But I didn’t just learn from his sermons. My dad loved nothing more than answering questions about God and the things of God that his daughters asked. Many nights we lingered over the supper table while he answered our questions, often going deeper—and longer—than we’d intended when we asked. He was especially skilled at explaining how the truths he was teaching us fit together. Over time, truth by truth, he gave us a thoroughly Christian worldview. I credit my dad for my love of theology. He loved it, and his passion was contagious.
It was only as I left home and went to Bible college that I realized how unusual my upbringing was. Most of the young Christian adults I met there—particularly the young women—didn’t have anything close to the biblical and theological background I did. I was surprised at the basic truths they didn’t know, and this left them vulnerable to sub-christian influences and ideas. I was thankful then for the grounding my father’s teaching gave me.
But most of all, my dad was an example of a servant leader. He loved the people in his congregations, the students he taught, his wife, his daughters, their husbands, and his grandchildren. He was always willing to serve—and no job was beneath him. One of the most moving moments of my life was arriving at my husband’s hospital room to find my elderly father emptying his bed pan. Throughout his life, my father modeled Christ-like love and humility for me.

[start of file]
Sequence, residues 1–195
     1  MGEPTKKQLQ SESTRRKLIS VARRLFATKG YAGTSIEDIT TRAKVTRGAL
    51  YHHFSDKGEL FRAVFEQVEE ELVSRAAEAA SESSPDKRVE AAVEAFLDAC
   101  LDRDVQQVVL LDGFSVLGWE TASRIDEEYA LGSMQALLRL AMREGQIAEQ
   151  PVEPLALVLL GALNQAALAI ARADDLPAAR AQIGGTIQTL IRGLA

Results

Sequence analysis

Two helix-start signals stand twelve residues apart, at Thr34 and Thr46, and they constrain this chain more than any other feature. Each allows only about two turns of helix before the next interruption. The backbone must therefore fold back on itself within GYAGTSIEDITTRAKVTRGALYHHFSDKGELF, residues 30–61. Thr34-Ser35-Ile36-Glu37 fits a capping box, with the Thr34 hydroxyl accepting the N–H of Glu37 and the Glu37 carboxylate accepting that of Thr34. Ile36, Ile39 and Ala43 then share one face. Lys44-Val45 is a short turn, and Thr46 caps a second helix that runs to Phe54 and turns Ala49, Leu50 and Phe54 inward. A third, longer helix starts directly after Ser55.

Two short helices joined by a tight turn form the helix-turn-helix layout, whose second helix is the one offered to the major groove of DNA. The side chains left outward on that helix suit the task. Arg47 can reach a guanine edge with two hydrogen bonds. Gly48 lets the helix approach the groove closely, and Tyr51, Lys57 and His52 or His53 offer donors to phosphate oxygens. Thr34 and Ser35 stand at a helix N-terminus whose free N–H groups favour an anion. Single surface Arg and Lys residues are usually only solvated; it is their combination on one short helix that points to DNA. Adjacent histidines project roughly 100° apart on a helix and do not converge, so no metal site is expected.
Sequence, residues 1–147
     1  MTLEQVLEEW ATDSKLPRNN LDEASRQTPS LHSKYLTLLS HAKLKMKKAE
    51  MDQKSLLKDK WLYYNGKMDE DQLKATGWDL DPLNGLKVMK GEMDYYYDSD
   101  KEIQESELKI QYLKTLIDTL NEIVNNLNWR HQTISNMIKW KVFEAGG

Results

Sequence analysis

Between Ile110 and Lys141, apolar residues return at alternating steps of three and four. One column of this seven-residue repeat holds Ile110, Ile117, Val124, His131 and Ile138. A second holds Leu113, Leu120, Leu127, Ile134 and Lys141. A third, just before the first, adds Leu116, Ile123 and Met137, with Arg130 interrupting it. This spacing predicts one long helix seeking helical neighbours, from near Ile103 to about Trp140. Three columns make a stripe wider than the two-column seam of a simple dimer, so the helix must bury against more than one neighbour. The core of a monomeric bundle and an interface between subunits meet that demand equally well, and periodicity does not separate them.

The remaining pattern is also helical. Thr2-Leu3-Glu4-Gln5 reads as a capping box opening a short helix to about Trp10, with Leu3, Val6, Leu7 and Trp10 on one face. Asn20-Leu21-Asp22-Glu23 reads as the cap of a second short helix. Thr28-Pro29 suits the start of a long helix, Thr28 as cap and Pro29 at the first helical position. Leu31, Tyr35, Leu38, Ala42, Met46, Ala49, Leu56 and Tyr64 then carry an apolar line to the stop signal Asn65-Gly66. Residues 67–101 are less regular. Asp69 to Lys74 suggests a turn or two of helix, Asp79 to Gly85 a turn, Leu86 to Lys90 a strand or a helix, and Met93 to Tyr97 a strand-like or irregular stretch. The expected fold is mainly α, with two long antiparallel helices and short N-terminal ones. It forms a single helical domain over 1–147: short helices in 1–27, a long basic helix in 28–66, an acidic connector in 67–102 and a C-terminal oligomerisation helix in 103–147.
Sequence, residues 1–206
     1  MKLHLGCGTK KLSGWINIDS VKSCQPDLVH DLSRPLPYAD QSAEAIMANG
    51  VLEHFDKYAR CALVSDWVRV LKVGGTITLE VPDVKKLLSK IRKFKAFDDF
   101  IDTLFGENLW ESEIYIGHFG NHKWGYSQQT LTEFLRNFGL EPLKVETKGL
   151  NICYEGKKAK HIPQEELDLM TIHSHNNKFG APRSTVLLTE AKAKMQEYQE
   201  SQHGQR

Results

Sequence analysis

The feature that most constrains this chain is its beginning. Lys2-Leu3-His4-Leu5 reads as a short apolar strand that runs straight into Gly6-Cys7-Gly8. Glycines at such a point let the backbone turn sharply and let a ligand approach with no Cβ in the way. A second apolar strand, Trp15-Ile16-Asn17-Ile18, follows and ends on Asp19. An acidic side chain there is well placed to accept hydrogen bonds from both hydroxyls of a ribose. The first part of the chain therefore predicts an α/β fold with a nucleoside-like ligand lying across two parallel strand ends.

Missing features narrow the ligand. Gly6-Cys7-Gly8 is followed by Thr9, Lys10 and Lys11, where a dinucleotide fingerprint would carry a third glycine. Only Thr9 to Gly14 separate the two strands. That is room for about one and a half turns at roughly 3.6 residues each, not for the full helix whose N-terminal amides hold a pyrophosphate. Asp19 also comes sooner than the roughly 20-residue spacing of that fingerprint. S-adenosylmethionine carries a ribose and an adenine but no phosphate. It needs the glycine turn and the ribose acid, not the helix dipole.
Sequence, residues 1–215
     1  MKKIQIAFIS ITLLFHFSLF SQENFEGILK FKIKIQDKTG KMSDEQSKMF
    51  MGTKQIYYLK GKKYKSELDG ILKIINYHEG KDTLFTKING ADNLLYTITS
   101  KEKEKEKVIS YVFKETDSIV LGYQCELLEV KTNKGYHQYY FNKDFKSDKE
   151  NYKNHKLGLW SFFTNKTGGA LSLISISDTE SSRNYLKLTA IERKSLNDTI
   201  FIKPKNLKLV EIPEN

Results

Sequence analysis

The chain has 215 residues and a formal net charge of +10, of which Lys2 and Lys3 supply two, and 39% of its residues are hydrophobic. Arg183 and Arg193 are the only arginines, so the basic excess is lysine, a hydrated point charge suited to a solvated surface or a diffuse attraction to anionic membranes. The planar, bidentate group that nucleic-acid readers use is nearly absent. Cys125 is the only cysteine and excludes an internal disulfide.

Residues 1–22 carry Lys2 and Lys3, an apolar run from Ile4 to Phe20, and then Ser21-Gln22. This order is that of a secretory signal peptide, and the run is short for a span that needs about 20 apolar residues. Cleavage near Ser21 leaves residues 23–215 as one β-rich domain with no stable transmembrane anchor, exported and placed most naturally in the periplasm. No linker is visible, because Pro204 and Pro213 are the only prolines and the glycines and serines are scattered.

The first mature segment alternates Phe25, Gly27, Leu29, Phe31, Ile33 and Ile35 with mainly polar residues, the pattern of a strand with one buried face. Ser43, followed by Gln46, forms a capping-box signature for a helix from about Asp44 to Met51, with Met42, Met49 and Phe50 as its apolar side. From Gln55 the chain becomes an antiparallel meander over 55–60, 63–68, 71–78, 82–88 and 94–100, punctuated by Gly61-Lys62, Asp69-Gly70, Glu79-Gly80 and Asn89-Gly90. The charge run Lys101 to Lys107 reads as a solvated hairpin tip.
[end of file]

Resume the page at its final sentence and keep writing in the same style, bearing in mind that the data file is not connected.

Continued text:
Although I didn't grow up in a Christian home, my dad was my greatest life influence overall. Someone recently asked a large group of Christian women what we liked about growing up as a girl in our respective generations. I had to answer that if it had not been for my relationship with my dad (who is still the best man I know, by the way), I'm not sure I would have had anything good to say about growing up as a girl. You see, my mom wanted Jane Bennett, but she got something closer to Lizzie when she adopted me.